This kindness was manifested in the way he spoke, typically softly and was reinforced by his authentic, tender spirit. And you would see it everywhere. For example, coming up to a stop sign, he would let every single other car go before he would take his turn (giving my mom a chance to exercise her own patience). He also refused to kill a spider in his own home, explaining to my nieces those spiders were “his friends.”

This lesson, lesson #1 is something he wore on his sleeve and it was the thing we will all think of first when we remember him. Lesson #1: Be kind.

My dad’s family moved to Southern California from the east coast when he was 8 years old. It would be another 12 years before my dad would be introduced to the love of his life, my mom, in 1960.They met in a roller skating club where they would eventually participate in couples skate competitions together. He joined the army when he was 21 years old, spending several years in the 101st airborne division. During this time, he would court my mom, who was still quite young, calling her on her sixteenth birthday from fort ­­­­­Campbell, Kentucky to tell her that if it was “God’s will,” they would end up married one day. Marry they did, a few years later. My dad would spend 50 years and six weeks lovingly devoted to my mom. As a husband, he made it clear that his family was his priority. He was not assertive in nature, but he would do anything for his wife and kids. And he did - working whatever jobs necessary to make sure we were provided for, doing the grocery shopping on the weekends, serving as the scout master, dance instructor for the dance festivals, baseball coach, and resident cheerleader at every single event- sporting, drama, vocal, academic, or otherwise that his kids had going on. His family was the most important thing to him, and this was clear to everyone around him.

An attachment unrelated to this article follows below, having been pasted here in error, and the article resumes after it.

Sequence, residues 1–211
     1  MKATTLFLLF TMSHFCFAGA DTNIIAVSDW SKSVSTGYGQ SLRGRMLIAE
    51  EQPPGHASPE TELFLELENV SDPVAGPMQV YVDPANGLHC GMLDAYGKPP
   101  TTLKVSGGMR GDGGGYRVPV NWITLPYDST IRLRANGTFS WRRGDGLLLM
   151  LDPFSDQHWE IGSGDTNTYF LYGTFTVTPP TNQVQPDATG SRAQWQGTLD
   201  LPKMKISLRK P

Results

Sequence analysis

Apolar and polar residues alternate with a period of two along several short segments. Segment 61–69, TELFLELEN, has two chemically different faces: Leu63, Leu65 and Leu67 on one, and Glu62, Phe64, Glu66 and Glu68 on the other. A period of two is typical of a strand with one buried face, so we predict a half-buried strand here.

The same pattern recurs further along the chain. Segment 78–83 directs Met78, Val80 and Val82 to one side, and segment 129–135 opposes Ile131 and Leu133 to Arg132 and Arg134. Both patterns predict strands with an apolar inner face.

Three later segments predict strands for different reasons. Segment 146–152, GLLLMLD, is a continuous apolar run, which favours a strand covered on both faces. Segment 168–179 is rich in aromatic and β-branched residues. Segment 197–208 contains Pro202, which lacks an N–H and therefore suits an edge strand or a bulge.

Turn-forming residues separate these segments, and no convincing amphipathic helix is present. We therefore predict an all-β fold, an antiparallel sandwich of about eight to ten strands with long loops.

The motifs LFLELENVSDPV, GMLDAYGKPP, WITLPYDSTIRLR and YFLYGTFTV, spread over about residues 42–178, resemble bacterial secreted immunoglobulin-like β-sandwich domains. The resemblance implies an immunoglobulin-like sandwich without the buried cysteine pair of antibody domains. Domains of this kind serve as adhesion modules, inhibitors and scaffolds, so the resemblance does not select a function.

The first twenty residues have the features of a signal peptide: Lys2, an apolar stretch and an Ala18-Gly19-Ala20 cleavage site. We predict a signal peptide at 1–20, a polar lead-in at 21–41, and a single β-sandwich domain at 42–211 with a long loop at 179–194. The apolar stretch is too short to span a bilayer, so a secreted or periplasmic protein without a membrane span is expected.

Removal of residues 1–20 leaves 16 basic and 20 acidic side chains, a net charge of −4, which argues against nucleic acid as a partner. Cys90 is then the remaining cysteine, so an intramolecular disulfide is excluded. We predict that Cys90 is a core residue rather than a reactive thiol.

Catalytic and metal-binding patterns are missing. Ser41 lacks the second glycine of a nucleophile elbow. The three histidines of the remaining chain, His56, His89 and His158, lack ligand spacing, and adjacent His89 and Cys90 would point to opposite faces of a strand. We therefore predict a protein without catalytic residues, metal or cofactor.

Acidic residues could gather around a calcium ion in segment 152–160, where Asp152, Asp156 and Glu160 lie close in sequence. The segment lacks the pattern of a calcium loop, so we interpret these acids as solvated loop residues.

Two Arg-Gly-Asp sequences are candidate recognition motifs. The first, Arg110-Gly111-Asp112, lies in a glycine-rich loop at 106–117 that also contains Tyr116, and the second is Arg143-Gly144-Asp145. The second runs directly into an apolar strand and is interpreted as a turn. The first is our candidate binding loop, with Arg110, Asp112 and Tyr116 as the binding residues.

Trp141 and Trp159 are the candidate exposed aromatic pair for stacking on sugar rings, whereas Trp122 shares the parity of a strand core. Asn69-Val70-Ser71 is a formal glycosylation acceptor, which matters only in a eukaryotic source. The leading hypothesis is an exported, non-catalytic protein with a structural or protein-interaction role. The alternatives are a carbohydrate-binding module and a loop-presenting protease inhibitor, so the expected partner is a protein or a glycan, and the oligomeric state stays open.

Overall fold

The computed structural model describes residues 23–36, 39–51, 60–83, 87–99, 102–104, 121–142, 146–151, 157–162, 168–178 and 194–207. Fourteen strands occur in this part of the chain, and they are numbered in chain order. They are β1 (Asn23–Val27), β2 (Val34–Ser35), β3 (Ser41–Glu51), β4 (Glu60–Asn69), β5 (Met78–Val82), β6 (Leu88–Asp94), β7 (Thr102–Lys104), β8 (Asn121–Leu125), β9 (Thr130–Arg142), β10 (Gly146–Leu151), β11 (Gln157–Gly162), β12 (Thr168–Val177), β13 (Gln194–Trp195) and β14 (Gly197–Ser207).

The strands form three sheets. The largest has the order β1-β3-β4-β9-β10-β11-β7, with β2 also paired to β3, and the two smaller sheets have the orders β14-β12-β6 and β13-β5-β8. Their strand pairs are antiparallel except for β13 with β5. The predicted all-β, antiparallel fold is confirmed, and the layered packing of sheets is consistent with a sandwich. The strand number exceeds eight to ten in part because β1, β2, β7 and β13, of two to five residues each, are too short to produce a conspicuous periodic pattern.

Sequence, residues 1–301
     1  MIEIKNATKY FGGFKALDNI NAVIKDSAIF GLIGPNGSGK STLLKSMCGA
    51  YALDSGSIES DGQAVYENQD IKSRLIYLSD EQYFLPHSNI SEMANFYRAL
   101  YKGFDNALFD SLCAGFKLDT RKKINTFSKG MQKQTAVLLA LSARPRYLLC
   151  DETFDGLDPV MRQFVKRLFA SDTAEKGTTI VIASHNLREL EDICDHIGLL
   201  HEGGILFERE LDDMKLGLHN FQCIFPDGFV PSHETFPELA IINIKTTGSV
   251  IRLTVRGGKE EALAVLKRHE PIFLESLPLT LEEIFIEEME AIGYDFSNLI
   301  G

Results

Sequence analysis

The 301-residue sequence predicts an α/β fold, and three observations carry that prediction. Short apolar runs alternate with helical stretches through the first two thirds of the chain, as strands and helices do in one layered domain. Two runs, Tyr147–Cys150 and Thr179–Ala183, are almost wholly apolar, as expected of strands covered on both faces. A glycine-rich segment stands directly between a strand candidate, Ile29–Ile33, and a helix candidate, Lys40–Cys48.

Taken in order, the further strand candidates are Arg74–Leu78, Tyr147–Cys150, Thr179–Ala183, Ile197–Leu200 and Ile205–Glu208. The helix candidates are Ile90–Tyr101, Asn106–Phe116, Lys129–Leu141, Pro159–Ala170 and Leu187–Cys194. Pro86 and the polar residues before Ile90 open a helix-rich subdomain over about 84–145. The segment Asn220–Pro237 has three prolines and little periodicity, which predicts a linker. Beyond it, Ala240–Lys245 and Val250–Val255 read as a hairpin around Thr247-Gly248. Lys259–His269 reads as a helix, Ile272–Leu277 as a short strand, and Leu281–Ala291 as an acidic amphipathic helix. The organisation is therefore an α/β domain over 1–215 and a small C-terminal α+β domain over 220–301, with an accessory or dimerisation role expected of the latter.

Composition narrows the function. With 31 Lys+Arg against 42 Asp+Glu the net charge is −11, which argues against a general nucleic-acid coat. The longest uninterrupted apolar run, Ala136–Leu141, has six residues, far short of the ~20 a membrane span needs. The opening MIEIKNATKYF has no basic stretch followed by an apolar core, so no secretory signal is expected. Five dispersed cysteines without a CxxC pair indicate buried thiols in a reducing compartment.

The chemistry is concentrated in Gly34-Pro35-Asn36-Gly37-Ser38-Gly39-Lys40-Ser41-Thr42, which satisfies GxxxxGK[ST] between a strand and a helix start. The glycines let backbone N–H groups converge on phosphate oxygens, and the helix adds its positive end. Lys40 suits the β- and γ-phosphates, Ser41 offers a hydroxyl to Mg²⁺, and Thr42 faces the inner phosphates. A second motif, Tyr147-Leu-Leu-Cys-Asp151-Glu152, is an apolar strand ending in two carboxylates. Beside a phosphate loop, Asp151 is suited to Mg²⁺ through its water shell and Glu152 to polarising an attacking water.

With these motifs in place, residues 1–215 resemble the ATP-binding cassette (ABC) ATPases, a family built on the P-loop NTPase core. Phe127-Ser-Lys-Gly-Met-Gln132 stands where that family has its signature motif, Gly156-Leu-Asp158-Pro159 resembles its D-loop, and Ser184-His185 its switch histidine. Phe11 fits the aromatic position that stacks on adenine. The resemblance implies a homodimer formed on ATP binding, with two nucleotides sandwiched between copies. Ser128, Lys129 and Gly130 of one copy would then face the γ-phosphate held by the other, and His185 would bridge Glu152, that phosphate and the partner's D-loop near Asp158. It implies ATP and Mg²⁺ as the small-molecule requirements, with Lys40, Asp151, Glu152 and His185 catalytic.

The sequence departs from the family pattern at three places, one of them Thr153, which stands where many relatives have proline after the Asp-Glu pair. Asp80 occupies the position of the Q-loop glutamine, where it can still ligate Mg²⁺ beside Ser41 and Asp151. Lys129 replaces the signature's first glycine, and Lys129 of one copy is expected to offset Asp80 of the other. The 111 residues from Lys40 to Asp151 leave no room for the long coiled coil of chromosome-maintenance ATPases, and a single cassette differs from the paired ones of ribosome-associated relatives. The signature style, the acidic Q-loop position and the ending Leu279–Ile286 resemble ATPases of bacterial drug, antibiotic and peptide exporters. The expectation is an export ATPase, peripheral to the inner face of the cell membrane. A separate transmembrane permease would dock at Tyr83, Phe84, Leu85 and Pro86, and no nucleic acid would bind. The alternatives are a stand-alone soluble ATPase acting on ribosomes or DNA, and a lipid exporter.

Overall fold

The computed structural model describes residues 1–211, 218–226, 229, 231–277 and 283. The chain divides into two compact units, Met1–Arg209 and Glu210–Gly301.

He loved the church, his community, and his responsibilities there. As us kids grew up and moved out of the house, he took on new responsibilities working at the temple and more recently, the bishop’s store house helping fill food orders and doing warehouse maintenance. He loved these responsibilities. He took them seriously and rarely missed an opportunity to serve in this capacity. If my dad missed a shift at the temple, we knew he was really sick.  There was no excuse for backing out on a commitment. As evidenced by the fact that my dad kept his responsibility at the bishop’s storehouse until five days before he began to lose his ability to walk.

I think it’s important to note that he did these things with joy. With a seemingly permanent smile on his face, he was almost always happy and he very, very rarely complained. If he didn’t enjoy the task at hand, you would never know it. Lesson #2: Know your priorities and keep your commitments (with joy).